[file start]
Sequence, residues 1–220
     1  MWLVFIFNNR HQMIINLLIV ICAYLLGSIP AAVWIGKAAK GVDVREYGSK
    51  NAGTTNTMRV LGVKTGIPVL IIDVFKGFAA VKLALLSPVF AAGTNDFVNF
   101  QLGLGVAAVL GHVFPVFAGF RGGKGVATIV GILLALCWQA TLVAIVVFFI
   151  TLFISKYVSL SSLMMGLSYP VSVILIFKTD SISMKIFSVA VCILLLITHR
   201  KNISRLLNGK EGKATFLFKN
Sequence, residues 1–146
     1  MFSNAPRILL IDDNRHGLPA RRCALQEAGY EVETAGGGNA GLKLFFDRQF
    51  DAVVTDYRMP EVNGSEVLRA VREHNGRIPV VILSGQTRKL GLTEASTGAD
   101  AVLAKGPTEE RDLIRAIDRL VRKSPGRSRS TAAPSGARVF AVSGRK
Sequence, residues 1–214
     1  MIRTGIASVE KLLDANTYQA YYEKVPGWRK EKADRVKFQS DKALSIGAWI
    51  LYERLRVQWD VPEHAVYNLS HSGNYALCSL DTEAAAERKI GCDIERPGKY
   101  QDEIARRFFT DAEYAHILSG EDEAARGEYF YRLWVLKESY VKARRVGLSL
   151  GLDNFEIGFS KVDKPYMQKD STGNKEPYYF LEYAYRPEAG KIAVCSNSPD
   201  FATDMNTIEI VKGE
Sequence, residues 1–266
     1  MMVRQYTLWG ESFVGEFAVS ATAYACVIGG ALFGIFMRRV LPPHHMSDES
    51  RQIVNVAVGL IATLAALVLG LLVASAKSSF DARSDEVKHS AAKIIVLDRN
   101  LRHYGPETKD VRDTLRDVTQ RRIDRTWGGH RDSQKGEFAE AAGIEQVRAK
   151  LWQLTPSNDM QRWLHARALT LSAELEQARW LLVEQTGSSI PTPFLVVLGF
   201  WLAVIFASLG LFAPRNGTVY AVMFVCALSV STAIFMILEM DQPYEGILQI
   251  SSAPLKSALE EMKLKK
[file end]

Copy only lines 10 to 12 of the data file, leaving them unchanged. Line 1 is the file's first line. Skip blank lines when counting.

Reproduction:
   101  AVLAKGPTEE RDLIRAIDRL VRKSPGRSRS TAAPSGARVF AVSGRK
Sequence, residues 1–214
     1  MIRTGIASVE KLLDANTYQA YYEKVPGWRK EKADRVKFQS DKALSIGAWI